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Sunday, November 19, 2017

1917 Sinn Fein Convention - Delegates United on Independence


"Those who looked for a lot of verbal fireworks" at the recent Sinn Fein convention in Dublin "must have been disappointed," according to a Boston Globe story by James T. Sullivan on November 18, 1917.

"Moderation prevailed, but the delegates insisted on letting the world know they were firm upon the platform of independence," wrote the Globe.

Eamon deValera was elected President of Sinn Fein, and gave the principle address:

"We are asserting to the world that Ireland is a Nation, and Ireland has never yet agreed to become a subject Nation or part of the British Empire.  The people of Ireland were kept from expressing that view simply by the naked sword of England, but England pretended that it was not by the sword, but by the goodwill of the people of Ireland that she was there, which was false.  Ireland’s aim was freedom.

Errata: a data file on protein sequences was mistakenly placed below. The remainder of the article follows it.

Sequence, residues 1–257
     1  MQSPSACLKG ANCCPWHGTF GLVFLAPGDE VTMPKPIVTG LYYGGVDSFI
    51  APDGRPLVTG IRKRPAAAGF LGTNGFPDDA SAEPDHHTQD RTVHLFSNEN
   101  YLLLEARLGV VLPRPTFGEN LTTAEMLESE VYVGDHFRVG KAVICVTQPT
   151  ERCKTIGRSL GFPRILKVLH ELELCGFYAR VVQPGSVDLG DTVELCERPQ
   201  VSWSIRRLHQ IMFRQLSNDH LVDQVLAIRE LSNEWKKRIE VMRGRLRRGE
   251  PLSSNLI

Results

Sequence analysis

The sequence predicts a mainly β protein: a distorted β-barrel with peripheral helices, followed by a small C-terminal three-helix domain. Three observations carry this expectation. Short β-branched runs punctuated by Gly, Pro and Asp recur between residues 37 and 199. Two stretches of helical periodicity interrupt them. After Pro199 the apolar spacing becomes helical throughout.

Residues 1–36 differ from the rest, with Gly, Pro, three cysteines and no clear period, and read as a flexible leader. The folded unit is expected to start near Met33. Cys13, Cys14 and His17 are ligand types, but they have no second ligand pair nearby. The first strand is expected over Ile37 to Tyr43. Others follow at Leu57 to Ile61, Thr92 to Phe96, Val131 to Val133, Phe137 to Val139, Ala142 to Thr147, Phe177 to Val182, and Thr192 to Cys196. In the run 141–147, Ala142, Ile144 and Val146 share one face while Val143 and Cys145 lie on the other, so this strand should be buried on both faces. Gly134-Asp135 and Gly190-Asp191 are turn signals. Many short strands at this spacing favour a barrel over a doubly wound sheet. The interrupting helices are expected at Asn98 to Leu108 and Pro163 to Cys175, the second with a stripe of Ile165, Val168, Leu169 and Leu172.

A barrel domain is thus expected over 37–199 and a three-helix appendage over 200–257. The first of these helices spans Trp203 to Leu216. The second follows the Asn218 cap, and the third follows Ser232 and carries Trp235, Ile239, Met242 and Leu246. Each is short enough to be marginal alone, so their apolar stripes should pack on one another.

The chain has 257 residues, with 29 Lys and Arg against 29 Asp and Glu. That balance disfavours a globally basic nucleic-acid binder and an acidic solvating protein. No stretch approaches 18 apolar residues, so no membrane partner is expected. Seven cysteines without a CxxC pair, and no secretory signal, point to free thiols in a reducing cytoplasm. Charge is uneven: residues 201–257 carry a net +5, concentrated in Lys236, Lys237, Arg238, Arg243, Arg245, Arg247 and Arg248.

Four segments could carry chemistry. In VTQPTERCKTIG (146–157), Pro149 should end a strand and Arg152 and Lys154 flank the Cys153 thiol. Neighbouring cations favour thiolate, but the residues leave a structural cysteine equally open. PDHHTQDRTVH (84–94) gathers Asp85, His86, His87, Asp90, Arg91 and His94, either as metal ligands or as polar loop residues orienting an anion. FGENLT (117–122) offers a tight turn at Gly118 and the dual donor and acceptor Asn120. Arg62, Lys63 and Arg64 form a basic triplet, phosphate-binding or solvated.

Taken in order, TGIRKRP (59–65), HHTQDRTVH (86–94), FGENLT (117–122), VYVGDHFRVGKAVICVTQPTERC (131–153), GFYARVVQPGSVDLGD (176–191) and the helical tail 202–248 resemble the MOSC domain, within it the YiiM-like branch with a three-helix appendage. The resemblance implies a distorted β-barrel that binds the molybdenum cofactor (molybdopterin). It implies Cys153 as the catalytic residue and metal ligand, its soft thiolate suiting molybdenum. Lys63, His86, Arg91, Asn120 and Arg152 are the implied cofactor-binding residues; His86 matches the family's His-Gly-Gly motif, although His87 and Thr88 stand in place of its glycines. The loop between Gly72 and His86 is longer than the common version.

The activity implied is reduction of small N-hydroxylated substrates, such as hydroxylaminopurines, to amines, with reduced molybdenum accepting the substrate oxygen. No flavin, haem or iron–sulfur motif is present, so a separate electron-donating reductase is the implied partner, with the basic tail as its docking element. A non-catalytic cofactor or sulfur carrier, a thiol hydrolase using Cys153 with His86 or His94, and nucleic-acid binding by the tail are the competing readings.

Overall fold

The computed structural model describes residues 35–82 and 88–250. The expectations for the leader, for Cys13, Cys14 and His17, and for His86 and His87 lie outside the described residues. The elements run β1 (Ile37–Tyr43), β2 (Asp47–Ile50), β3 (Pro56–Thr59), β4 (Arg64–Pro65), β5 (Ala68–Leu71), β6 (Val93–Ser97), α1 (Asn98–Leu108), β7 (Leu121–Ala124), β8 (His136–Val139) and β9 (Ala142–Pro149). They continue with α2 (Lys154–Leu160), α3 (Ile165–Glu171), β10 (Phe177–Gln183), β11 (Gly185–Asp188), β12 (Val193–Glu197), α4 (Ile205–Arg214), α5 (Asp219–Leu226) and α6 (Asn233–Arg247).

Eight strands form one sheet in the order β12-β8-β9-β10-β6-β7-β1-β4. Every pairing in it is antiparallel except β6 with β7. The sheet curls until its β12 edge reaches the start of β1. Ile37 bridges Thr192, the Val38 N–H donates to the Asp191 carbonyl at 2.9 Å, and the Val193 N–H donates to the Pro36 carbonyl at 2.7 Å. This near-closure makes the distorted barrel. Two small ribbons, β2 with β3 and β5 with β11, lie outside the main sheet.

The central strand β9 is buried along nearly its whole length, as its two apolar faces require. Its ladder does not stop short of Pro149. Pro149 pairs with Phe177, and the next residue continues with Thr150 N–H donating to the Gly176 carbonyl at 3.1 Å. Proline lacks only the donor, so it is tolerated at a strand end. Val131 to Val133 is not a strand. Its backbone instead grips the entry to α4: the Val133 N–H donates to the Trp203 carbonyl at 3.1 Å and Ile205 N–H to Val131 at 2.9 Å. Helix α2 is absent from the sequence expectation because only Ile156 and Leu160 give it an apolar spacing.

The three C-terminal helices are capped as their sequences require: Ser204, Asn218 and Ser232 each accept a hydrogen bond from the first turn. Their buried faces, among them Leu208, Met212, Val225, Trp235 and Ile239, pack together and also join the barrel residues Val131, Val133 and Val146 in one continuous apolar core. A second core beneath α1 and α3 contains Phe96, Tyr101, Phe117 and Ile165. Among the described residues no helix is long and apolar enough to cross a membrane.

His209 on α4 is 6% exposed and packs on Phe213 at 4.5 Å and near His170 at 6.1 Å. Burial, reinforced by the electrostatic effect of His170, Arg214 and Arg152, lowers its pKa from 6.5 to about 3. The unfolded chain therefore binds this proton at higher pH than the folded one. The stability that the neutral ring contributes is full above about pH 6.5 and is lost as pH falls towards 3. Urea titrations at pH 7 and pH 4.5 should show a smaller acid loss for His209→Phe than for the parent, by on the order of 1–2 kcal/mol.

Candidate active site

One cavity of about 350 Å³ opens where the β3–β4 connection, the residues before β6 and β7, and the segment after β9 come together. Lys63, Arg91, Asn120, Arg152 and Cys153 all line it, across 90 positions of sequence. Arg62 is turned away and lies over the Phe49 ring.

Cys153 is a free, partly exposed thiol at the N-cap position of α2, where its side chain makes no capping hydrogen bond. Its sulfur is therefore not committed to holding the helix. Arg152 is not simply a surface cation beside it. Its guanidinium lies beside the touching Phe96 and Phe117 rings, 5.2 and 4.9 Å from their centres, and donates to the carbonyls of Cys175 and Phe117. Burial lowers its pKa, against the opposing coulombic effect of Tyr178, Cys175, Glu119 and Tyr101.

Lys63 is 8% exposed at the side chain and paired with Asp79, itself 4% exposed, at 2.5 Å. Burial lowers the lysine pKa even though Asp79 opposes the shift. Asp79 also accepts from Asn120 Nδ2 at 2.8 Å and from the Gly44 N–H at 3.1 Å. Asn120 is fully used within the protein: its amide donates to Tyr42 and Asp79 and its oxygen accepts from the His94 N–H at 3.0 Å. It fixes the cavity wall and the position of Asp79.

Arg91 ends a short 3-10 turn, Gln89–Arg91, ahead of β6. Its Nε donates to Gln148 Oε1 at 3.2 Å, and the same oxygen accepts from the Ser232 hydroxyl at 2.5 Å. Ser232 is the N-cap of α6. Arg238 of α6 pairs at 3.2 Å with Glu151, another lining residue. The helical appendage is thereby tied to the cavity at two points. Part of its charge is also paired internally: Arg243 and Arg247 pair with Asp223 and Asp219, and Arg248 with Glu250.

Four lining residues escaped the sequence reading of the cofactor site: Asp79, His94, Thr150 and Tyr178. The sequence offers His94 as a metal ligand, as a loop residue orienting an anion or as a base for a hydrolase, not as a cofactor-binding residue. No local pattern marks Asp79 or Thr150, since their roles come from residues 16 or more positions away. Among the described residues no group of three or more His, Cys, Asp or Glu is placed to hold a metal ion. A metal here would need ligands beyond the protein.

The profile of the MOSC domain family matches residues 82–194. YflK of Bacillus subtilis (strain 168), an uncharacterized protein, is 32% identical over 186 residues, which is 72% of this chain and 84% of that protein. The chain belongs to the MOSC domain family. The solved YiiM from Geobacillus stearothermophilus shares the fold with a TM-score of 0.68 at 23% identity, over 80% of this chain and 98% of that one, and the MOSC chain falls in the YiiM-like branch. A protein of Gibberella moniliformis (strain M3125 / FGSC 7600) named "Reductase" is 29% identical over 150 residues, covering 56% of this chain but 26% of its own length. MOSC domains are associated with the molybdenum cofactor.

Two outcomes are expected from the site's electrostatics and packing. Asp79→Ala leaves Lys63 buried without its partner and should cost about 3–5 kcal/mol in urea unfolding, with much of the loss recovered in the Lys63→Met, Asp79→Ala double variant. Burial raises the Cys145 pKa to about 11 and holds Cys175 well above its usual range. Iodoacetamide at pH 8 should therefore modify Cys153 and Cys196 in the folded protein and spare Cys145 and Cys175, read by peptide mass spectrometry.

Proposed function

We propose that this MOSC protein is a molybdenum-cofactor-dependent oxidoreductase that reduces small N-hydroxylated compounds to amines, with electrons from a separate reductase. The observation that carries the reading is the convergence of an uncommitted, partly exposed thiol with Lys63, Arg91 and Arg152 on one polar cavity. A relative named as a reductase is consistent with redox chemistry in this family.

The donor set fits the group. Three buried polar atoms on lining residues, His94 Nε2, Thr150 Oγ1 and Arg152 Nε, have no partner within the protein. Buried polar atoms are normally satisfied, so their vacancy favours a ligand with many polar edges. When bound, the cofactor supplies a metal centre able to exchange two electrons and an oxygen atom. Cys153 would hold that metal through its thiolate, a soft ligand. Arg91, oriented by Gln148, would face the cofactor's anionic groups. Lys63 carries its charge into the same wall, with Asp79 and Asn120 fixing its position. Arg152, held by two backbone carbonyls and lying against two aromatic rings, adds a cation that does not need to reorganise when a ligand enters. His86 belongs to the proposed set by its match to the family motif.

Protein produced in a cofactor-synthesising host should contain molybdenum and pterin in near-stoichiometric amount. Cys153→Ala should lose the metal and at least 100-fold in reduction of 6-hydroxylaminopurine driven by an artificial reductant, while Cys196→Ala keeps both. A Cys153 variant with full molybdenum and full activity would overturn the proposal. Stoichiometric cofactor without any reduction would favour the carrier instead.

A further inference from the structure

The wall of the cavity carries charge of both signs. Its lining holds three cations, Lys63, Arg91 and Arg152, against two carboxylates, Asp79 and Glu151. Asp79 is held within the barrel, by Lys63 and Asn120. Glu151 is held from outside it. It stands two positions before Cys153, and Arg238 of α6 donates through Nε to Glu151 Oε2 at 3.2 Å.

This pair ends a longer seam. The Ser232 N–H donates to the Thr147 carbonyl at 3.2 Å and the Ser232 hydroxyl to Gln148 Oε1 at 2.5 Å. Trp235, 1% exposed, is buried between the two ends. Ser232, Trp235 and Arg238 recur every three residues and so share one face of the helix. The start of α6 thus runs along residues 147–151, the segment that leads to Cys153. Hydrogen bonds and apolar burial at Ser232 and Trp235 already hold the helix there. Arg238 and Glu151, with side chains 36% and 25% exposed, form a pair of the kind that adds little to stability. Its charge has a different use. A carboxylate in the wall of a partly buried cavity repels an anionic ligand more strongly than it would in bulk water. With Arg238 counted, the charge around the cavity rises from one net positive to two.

“Those men (who fought for Ireland) felt they were morally justified in doing that.  They said what the people of Ireland aimed at was freedom, and that they represented the solid sensible opinion of Irishmen, and they said if they were to win that freedom the first step in the battle would be to get the Irish people themselves determined to win it; and they said that, even thought the first battle in that political fight might be a military defeat, it would lead to final success.”

Sinn Fein's plan, wrote the Globe, "is to place candidates in opposition wherever there is a contest, particularly in the County Councils, and in this way, if they win such places, it will later on give Sinn Fein control of the government boards.  And contests will be made for Parliament and whatever other offices become vacant."